Gary Lindstrom: Somehow we have lost democracy
February 10, 2008
While many of you slept last Tuesday night, America continued to lose its democracy. Thousands of voters in Summit County were not able to vote. Hundreds of thousands of voters in Colorado were not able to vote, while millions of Americans all over this nation were not allowed to vote.
In Summit County there are 3,974 registered Republicans, 3,683 registered Democrats and 5,976 registered Unaffiliated. Of course the Unaffiliated could not vote at the caucus last Tuesday. They were disenfranchised by the two parties in control. The largest group of registered voters in Summit County was not allowed to vote.
The breakdown of the numbers by percentage is: 43 percent of all registered voters are unaffiliated, 29 percent of all registered voters are Republican and last but not least, 27 percent of all registered voters are Democrat. Nearly half of all registered voters could not participate in the caucuses.
Now before you start to yell too loudly, I do understand the purpose of the caucus is to determine delegates to the national party conventions. I also understand that everyone had the same opportunity to declare a party affiliation prior to Dec. 5, 2007, and participate in the caucus.
All I am saying is that we should have an open primary instead of a closed caucus. People should be allowed to come to the polls on primary day and declare a party the same way they can in August during the “real” primary.
A couple of years ago in Colorado, there were 1,066,956 registered Republicans, 896,861 registered Democrats and 999,552 registered Unaffiliated. They too were disenfranchised by the two parties in control. The second largest group of voters could not vote in the caucuses.
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We all remember Ross Perot of the Progressive Party, Ralph Nader of the Green Party and others who have made a futile attempt to run for president. My good friends in both parties would say that these third-party candidates are just spoilers and just take votes away from legitimate candidates. Bull Hockey.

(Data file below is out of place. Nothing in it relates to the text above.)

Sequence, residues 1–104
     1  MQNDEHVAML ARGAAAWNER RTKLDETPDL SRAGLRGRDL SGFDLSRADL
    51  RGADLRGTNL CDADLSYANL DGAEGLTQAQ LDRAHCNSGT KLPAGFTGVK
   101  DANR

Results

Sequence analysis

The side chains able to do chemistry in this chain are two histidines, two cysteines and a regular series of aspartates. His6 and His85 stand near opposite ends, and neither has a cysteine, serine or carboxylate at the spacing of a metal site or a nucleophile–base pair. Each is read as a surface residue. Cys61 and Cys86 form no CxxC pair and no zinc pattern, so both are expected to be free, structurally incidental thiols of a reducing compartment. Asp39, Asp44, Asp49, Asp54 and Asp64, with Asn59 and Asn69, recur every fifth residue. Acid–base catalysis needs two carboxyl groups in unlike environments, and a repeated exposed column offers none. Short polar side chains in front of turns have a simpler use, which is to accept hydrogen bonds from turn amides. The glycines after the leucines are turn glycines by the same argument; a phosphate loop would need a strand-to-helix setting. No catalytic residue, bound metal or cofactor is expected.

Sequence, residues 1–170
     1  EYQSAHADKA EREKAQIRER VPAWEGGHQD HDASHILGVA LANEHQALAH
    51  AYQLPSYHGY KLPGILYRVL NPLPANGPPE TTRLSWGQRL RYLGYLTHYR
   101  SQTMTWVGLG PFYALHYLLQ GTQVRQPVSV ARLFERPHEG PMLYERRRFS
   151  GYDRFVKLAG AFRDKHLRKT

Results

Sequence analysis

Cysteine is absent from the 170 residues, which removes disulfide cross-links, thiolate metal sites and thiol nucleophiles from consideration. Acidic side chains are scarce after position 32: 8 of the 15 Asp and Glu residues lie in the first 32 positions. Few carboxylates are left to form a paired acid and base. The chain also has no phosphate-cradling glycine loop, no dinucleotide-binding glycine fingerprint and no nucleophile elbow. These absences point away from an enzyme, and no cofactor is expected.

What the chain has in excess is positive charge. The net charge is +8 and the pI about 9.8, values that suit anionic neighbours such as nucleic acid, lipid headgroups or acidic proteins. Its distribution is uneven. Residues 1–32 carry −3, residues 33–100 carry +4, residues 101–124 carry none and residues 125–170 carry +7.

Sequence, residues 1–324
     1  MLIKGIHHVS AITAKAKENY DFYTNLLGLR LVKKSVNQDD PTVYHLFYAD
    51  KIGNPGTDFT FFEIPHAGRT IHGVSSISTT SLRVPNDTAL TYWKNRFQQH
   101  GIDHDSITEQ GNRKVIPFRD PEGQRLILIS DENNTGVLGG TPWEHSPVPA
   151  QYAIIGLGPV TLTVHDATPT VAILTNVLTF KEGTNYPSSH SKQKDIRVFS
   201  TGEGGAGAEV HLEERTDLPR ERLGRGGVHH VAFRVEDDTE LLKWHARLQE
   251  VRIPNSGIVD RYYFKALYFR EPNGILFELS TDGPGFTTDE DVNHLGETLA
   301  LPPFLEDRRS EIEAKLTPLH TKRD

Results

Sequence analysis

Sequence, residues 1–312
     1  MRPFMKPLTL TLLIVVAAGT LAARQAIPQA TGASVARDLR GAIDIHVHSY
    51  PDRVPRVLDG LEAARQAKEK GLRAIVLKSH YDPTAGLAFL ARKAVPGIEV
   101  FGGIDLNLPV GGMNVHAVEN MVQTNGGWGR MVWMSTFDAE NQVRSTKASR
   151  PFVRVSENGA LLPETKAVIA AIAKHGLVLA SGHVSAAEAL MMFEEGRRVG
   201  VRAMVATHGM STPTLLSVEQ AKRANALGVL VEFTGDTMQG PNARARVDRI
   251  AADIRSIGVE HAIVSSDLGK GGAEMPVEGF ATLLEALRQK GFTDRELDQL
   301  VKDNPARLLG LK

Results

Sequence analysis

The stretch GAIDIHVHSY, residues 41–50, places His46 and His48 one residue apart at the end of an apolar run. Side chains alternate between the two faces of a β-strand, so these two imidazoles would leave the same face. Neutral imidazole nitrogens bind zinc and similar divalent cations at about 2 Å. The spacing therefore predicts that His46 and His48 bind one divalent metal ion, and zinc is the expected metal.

And while I have your attention there is the matter of the real Colorado Primary in August. That is run the way it should be and the same as I have suggested for the presidential primary. But why is it in August? Why is it so far after the County Assemblies and the State Convention? It is almost like it is an afterthought.
Yes, if there are local contested races for county offices, then the August primary is where they would be decided. Some state offices would also be decided if the candidates did not get a high enough number of votes at the state convention. August primaries do work at times albeit late.
There are large states with primaries and small states with primaries. It would be just like a regular election. I am still concerned about the City that can’t shoot straight, Denver. They still can’t get an election right after a couple of terrible tries. I can still picture the Denver Police SWAT team counting ballots at the last election. I can still hear the Denver Election Commission Chairman telling the media that it will never happen again just as they said a few months earlier when the last election went bad too.
The solution is quite simple. We do away with the caucus system and replace it with a true primary like other forward thinking progressive states do. We have ballots and polling places. We allow unaffiliated voters to walk into a polling place and declare a party the day of the primary. If they want to change back to unaffiliated the next day then that is their right.
Parties should love this because it might result in more people staying registered with a party and they might become valuable advocates and workers for their issues.
I am speaking largely to the 43 percent of the Summit County active voters who were not allowed to participate in the caucus. Are you happy knowing that Summit County supported Romney and Obama? Would you have voted for either of them? How about the fact that Summit County supported Mitt Romney, a Republican candidate who quit a little more than a day after the caucus.
We are trying to run 21st century elections with a 19th century mentality.